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Am Fam Physician. 2010;81(6):693

Original Article: Chronic Nonmalignant Pain in Primary Care

Issue Date: November 15, 2008

to the editor: I enjoyed the excellent review on the management of chronic nonmalignant pain, and would like to add that a limit on the maximal opioid dose should be set before initiation of opioid therapy. Opioid doses above 180 mg per day of morphine equivalent have not been assessed for long-term effectiveness or safety. Efficacy studies have included only a rare patient in this dose range. Safety studies have never been published for high-dose opioids.1 There is good evidence from animal and human studies that high-dose opioids change pain perception, induce numerous hormonal changes, and are possibly immunosuppressive. Pain perception changes include increasing hyperalgesia and allodynia.2 Hormonal changes appear to be mediated through the hypothalamic-pituitary-adrenal axis and the hypothalamic-pituitarygonadal axis. Specific changes that have been identified include increased prolactin, decreased luteinizing hormone, decreased cortisol, decreased follicle-stimulating hormone, decreased testosterone, and decreased estrogen levels.3 There is also evidence that high-dose opioids are immunosuppressive in patients with human immunodeficiency virus.4 Several recent studies of high-dose narcotics revealed an increasing risk of respiratory depression, central sleep apnea, and sleep disordered breathing.5 If pain control is not achieved before 180 mg of morphine equivalent per day, then increasing the dose has a number of risks and no known benefit. The physician can now safely say that opioids are not working and are no longer safe. Tapering and stopping the opioid and/or switching to methadone or buprenorphine/naloxone (Suboxone) should be considered.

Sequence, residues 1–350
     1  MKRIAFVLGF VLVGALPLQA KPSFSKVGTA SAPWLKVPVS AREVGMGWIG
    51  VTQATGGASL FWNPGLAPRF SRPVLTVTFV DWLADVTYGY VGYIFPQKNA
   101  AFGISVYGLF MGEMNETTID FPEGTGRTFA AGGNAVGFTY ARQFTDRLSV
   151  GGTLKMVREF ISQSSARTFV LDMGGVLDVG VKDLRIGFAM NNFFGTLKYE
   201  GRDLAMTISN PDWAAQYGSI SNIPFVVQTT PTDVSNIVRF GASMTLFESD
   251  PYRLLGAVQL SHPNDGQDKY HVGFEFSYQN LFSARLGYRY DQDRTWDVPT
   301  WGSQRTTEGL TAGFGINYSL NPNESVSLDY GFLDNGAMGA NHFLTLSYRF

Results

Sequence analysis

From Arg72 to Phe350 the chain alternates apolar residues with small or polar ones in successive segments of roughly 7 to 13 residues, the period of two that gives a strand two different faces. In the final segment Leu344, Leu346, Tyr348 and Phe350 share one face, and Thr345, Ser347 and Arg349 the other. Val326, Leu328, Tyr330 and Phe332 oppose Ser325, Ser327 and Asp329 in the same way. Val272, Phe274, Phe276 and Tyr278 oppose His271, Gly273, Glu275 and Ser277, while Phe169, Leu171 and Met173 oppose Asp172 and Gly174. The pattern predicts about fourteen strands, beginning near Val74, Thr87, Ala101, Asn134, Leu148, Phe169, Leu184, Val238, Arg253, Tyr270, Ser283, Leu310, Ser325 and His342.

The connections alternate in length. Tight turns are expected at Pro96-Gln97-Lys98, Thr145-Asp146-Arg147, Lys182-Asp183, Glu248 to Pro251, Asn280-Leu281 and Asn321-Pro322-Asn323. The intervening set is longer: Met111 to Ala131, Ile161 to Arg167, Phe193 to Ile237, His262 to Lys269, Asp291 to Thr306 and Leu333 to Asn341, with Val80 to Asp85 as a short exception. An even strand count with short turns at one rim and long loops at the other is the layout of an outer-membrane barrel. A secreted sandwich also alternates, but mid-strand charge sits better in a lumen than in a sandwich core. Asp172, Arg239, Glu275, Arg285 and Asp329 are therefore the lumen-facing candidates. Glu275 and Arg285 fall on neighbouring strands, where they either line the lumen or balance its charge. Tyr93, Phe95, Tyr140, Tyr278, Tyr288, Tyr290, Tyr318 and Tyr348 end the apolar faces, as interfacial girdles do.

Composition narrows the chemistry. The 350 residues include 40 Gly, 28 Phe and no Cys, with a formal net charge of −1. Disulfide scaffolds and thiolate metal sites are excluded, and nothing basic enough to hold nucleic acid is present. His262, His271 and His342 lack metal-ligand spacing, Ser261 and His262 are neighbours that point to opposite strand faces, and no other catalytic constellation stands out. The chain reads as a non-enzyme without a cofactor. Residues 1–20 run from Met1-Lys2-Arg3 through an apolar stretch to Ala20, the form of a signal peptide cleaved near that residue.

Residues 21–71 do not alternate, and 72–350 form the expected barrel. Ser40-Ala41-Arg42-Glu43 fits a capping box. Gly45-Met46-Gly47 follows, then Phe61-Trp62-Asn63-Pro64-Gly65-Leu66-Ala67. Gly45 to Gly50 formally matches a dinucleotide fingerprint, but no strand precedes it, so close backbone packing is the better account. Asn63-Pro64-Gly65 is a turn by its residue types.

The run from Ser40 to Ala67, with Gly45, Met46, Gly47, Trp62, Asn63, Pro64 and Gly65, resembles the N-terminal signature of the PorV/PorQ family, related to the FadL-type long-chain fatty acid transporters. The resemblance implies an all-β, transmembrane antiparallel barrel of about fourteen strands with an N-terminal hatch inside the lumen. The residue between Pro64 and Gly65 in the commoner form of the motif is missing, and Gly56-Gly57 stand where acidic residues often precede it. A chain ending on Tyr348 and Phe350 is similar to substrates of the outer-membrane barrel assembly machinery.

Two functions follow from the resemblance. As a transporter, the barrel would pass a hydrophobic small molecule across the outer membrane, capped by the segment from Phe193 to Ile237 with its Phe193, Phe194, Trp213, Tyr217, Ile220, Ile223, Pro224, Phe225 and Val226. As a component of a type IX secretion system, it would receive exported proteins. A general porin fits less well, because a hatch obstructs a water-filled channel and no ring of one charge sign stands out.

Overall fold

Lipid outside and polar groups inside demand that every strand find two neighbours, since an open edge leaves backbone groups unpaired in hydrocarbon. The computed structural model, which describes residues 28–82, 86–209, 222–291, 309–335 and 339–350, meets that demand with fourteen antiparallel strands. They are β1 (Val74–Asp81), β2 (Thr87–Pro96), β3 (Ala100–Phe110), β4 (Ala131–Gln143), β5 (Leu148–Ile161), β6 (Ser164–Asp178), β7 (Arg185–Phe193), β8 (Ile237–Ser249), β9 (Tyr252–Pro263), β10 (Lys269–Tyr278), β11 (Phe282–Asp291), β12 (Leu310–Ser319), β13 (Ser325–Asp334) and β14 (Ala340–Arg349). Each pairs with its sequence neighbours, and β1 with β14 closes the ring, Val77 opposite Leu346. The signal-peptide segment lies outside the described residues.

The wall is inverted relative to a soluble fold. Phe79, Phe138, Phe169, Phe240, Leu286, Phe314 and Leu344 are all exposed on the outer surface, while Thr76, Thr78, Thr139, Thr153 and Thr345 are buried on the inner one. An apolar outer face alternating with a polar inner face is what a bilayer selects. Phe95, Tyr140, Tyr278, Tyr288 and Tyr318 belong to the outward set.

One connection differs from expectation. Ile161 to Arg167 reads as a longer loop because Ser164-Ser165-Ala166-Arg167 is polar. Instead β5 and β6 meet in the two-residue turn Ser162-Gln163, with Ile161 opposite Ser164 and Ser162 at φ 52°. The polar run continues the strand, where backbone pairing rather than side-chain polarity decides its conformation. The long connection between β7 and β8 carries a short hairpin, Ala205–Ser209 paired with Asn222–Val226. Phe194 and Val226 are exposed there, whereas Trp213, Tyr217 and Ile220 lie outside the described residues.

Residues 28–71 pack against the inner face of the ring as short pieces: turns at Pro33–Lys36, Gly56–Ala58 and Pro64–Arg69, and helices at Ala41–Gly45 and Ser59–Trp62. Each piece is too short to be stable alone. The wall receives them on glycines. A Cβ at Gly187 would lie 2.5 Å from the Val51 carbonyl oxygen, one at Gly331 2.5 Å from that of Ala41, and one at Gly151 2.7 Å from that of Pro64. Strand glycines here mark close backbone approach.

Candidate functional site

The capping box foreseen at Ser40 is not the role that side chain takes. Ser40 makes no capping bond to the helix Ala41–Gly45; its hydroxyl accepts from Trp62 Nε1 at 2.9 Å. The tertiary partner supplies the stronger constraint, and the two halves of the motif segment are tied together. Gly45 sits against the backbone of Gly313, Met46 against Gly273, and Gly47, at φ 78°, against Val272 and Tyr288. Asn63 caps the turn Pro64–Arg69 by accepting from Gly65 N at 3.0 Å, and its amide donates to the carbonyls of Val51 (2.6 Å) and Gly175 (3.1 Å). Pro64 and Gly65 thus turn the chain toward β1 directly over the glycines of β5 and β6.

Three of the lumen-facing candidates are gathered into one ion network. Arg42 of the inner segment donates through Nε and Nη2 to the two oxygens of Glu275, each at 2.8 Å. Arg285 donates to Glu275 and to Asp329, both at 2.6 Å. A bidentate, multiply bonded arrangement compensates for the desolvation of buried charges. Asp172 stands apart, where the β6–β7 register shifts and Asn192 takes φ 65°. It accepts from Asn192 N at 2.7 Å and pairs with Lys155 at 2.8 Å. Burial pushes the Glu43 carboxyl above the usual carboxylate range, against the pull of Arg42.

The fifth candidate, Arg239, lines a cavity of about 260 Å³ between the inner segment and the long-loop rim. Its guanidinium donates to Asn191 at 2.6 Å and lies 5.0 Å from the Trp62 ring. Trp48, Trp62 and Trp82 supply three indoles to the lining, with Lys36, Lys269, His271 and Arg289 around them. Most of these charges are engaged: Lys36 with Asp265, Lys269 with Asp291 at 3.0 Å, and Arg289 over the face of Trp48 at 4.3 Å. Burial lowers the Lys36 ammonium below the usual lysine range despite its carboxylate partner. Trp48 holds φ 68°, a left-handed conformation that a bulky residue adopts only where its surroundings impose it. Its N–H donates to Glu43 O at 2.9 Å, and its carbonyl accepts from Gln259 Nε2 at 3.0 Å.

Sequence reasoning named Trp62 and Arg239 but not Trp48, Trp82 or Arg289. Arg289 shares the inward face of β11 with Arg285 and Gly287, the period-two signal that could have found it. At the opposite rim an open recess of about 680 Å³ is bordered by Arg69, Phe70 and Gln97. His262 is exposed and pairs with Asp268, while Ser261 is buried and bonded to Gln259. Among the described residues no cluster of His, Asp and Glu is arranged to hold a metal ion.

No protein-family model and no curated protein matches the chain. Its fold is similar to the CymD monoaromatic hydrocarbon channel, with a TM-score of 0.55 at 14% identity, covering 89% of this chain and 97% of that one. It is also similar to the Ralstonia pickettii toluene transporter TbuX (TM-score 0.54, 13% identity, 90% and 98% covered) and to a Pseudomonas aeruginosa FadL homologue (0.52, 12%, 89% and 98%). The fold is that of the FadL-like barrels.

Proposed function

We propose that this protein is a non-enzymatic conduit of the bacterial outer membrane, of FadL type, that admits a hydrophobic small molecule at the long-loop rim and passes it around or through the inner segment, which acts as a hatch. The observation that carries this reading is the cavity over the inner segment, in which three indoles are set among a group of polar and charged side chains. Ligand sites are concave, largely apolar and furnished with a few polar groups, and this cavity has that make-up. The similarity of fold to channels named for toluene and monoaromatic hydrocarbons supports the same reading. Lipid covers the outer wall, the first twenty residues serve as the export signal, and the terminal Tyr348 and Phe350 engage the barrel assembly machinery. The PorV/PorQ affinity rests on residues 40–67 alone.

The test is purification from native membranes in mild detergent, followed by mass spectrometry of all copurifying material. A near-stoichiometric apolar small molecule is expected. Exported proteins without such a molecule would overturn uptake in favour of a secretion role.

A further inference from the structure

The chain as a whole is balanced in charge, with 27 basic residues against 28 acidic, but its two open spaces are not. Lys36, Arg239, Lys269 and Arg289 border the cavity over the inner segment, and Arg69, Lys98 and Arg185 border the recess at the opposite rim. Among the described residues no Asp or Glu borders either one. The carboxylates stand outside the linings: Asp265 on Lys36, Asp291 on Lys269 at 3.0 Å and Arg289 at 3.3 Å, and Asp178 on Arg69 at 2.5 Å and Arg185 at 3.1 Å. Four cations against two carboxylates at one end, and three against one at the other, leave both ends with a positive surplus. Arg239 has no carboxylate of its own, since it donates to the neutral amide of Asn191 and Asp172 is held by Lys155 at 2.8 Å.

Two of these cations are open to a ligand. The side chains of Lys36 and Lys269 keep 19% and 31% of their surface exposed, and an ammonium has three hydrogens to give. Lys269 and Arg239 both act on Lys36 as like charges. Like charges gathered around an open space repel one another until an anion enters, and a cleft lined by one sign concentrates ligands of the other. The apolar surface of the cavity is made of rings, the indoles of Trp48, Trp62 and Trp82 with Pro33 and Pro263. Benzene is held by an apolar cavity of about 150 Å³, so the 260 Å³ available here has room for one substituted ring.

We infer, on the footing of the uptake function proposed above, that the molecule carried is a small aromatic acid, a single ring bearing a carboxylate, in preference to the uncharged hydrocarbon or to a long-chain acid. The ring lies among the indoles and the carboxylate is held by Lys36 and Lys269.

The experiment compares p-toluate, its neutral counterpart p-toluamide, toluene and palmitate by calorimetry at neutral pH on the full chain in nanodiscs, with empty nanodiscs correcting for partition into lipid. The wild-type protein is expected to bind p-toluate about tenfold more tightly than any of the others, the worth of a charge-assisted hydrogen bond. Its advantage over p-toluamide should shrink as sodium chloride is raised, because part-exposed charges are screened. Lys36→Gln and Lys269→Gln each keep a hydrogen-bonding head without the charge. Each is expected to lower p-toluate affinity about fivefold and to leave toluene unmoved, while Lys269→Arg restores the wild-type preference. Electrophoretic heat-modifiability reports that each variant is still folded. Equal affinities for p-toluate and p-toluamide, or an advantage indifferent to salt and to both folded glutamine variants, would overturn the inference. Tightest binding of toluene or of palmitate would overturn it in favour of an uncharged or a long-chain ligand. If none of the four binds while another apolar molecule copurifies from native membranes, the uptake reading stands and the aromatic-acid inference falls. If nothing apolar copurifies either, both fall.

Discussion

in reply: We appreciate Dr. Johnston pointing out some important and key factors when the dosage of prescribed opioids start to hit high levels or if the dosage escalates. All of the previously mentioned side effects could occur when dosages greater than 180 to 200 mg per day of morphine equivalent are prescribed. Repeated dose escalations can be a sign of substance abuse or diversion. We would like to reiterate that, in theory, opioids have no maximum ceiling dose and that there are no studies dictating what is a maximum “safe” and “standard” dose. The determined maximum dose of morphine was by consensus statement based on maximum opioid doses used in some randomized trials and the average doses used in some observational studies.14 Physicians should reassess all patients receiving chronic opioid treatment with dose escalation via more intensive monitoring and consider addressing the reason that higher doses are needed for pain control. Interventions may include rotating or switching opioids, or, if appropriate, weaning or discontinuing opioid therapy.

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This series is coordinated by Kenny Lin, MD, MPH, deputy editor.

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